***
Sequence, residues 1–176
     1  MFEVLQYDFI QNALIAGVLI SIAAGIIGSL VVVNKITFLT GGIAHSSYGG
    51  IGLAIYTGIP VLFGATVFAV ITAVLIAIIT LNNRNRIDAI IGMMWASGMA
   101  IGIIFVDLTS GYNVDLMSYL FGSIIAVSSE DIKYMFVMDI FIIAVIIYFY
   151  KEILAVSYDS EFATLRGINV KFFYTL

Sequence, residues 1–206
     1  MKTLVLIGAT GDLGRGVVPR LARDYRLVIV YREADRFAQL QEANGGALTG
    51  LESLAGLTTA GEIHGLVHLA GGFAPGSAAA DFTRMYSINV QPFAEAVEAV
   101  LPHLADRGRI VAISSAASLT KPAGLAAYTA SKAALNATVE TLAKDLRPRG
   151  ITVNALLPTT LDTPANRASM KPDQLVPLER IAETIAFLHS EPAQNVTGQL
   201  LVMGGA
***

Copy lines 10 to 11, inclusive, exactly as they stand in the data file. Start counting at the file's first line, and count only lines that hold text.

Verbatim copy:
   151  ITVNALLPTT LDTPANRASM KPDQLVPLER IAETIAFLHS EPAQNVTGQL
   201  LVMGGA